Imagine the excitement an artist experiences when staring at a blank canvas. What to create; oh, what to create this time? Every color of the palette flashes through his mind. A landscape? A portrait? Something surreal, traditional or a young lady with two heads, four boobs, and three toes on all six feet? “Anything I wish,” he giddily, whisperers.
Then, there’s the sculptor. He inspects a large ball of rock (unfortunately, there’s no other way to say it) hard as stone staring back at him. Once the artisan decides upon the subject of his masterpiece, he knows all he must do is remove the material that does not look like the finished product. “Much easier said than done,” he muses.
Deciding upon his point of attack, a disastrous twist enters the recesses of his mind. In no way do I intend to detract from the painters unique skills: however, if the sculptor slips, his piece could be ruined after months of work. Whereas, the man of paint (I should think) would have much less trouble, initiating repair.
On the other hand… Wait a minute, I already used both hands… I’ll start over.
On the other foot, we have the author. Some spend a great deal of preliminary time forming the plot, developing characters, and outlining the entire book from beginning to end.
Others study diligently (forensics, espionage or military weapons and strategies) to ensure their novels are accurate and true to form for their readers.
I tend to fly by the seat of my pants. I stare at the blank page with a vague idea and begin writing. I seldom know what lies ahead as I write in real-time. I’m like a parasite attached to my character’s brain, and wired into the nervous system. I see, hear, feel and make decisions in tandem as we move along. (My psychiatrist says I should be sporting no more than a dozen or so personalities by the first of the year.)
Writing adventure, science fiction, fantasy and the like doesn’t require much preliminary study to ensure accuracy. What I don’t have, I concoct, and accuracy is what I deem it to be.
Of course, there are instances from the world we live in that coincide with the world I write in (a dimensional crossroad if you will) that require that I bounce down to the library to assure continuity in my book.
And what author wouldn’t be proud to have one of their readers quote a statement or incident from one of their novels using that same novel to back up their quote as fact?
All this talk about the arts has set my mind to wondering (like that’s some kind of revelation).
But you have to admit that slinging a brush full of pigment across a tight piece of canvas conjures images of Tom Sawyer suckering the neighborhood kids into slapping white wash against an old picket fence.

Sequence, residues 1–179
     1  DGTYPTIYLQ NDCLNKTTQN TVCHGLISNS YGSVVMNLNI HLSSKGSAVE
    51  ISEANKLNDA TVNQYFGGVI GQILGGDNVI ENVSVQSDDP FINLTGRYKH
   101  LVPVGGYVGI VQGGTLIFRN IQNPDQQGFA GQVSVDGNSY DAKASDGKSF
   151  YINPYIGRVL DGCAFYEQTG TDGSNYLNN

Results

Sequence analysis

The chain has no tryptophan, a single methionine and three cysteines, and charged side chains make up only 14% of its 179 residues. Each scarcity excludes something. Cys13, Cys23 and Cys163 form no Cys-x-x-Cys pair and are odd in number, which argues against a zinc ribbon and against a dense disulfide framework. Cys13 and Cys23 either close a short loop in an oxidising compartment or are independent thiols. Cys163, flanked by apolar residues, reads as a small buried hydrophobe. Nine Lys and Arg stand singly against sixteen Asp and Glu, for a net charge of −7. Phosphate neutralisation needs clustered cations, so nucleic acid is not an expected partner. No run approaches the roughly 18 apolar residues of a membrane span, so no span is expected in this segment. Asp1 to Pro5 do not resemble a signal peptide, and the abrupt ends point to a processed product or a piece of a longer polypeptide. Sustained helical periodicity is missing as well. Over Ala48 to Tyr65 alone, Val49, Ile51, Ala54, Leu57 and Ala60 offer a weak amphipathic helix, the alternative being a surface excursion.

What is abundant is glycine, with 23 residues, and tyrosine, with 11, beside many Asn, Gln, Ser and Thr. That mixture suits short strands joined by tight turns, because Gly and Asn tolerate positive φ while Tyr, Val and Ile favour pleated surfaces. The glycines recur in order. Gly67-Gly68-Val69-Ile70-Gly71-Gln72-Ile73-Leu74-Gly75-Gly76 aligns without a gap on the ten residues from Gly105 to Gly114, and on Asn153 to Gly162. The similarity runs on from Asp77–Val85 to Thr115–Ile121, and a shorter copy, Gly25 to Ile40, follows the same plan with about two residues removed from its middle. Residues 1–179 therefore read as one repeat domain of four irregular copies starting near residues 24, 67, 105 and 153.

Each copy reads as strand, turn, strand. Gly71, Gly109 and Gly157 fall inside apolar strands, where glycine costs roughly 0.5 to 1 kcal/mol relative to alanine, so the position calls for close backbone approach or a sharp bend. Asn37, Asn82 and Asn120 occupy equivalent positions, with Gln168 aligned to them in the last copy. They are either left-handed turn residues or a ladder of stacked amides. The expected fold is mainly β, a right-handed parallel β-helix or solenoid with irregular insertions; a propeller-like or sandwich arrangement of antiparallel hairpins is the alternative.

This in turn brings about thoughts of P. T. Barnum uttering that famous line, “There’s a sucker born every minute.”
I immediately find myself sailing toward the Midwest during the spring in tornado alley. It was here during the 1996 movie, “Twister,” that Dusty coined the phrase, “the suck zone.”
So by my reasoning (something you should avoid) if you dabble in the fine art of painting you will inevitably end up hanging in a tree, stripped naked by an F5 tornado, somewhere in Oklahoma.
It seems perfectly logical to me that if one ponders an ashtray masterpiece being carved from a 50 ton granite boulder, their next thought would certainly gravitate toward the first carver of stone.
The picture begins to fade and blur then refocuses on a primeval setting. Strange animal grunts and growls, active volcanoes, and huge fern trees dot the landscape.
Amidst the noise a small sound cuts through unscathed. Tink, tink, tink…Tink, tink, tink…Tink, tink, tink, tink, tink. Why it’s none other than Grog fashioning the first wheel from (who would have thunk it) a 50 ton chunk of granite.
“Hold on there, Grog. It seems you left the bottom of your wheel flat… It won’t roll like that.”
Tink, tin… “What you mean, ‘no roll?’”
“It’s got to be round its entire circumference.”
“What you mean, ‘cumfense?’”
“Never mind, you big dumb ape, it just won’t roll.”
Thus, the first stone carver changed vocations becoming the first serial killer, something about instant gratification.
And now (I’ve said this before but evidently it bears repeating since I don’t seem to be listening to myself. Do not begin a sentence with ‘and’) we begin the ending of this storied tale.
I am working on my fifth book. One has been published. I decided to forgo dealing with the publisher myself and attempt to acquire an agent.
“How’s that coming?” you ask.
Well, I guess it depends on how you want to look at. Agents receive as many as 500 query’s each week. They accept less than 1%. I figure I have more of a chance being struck by lightning while riding in a plane. The jet continues on safely, as I am the only one ejected over the ocean, still smoldering when I take the plunge. I am plucked from the water by a sport fishing club who specializes in catching Great Whites. The one negative, they’re out of bait.
But that only strengthens (once again do not begin sentence with “but”) my resolve not to give up. Because you never know when that slightly quirky agent forgets their medication one day, picks up my query and realizes a bipolar Dr. Seuss is exactly what they’ve been looking for all these years.
When that day comes, they’ll call me, “eccentric.”
Until then, I’m just crazy Lynn.